4.3. Conclusion. 104

References. 105

5. Biogenic Approaches for SiO2 Nanostructures: Exploring the Sustainable Platform of Nanofabrication. 107
M. Hariram, P. Vishnukumar and S. Vivekanandhan

5.1. Introduction. 108

5.2. Synthesis of SiO2 Nanostructures. 109

5.2.1. Physical Processes. 110

5.2.2. Chemical Processes. 111

5.2.3. Template Assisted Process. 114

5.3. Bio-Mediated Sustainable Processes for SiO2 Nanostructures. 115

5.3.1. Bacterial Assisted Synthesis Process. 116

5.3.2. Fungal Mediates Biogenic Synthesis Process. 118

5.3.3. Plant Based Synthesis Process. 120

5.3.4. Biomolecular Template Assisted Synthetic Process. 123

5.4. Biogenic SiO2 based Doped, Functionalized and Composite Nanostructures. 125

5.4.1. Biogenic Synthesis of Doped and Functionalized SiO2 Nanostructures. 126

5.4.2. Biogenic SiO2 Nanocomposites. 127

5.5. Applications of Bio-fabricated SiO2 Nanoparticles. 129

5.5.1. Catalysis. 130

5.5.2. Biomedical. 130

5.5.3. Energy and Environment. 131

5.6. Conclusions. 131

Acknowledgements. 132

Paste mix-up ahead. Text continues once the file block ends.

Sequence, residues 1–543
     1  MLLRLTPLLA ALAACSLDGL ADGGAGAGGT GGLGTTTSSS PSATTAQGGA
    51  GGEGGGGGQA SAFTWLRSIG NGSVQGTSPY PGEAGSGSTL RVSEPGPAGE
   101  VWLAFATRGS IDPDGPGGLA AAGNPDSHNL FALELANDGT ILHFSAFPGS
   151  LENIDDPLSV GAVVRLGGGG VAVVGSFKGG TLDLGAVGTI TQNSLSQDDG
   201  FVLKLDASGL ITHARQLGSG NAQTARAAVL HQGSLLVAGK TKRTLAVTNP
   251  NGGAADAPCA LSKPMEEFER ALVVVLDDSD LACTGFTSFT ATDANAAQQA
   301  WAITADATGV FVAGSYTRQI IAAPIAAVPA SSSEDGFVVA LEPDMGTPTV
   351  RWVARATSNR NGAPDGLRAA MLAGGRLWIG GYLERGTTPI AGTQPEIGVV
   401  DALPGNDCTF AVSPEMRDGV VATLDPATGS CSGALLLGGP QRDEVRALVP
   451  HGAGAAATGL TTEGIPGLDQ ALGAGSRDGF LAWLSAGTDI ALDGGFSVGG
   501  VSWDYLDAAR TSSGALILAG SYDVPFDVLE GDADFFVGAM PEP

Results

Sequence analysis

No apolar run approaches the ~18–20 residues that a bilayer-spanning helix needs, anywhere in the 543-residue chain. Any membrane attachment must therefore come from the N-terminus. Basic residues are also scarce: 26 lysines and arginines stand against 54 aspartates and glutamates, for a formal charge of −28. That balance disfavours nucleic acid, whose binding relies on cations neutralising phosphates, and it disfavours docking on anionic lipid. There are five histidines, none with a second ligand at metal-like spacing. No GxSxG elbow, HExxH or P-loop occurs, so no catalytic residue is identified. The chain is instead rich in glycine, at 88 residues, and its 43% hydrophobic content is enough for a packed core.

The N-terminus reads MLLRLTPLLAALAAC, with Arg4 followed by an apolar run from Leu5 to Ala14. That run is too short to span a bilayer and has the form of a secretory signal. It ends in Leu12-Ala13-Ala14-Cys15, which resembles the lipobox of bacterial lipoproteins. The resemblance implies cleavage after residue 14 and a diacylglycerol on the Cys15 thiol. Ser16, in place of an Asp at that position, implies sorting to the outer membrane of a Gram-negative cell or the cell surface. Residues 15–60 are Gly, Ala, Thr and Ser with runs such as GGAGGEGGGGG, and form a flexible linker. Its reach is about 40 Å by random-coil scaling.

References. 132

6. Green and Sustainable Advanced Composite Materials. 143
Yahya F. Al-Khafaji and Falah H. Hussein.

6.1. Introduction. 143

6.2. Applications of Polymers. 145

6.3. The Problems of Synthetic Polymers. 145

6.4. Why Biodegradable Polymers. 147

6.5. Biodegradable Polymers. 147

6.6. Copolymers. 147

6.7. Examples of Biodegradable Polymers is Polyesters. 148

6.7.1. Aliphatic Polyesters Polylactide PLA, PolYcaprolactone PCL and Polyvalerolactone PVL. 148

6.7.2. Preparation of Polyesters. 148

6.7.2.1. Polycondensation. 149

6.7.2.2. Ring opening Polymerization (ROP). 149

6.7.3. Mechanism of ROP. 150

6.7.3.1. Cationic Ring Opening Polymerization (CROP). 150

6.7.3.2. AnionicRring Opening Polymerization (AROP). 150

6.7.3.3. Coordination-Insertion Polymerization. 150

6.8. Conclusion. 152

References. 152

7. Design and Processing Aspects of Polymer and Composite Materials. 155
Hafiz M. N. Iqbal, Muhammad Bilal and Tahir Rasheed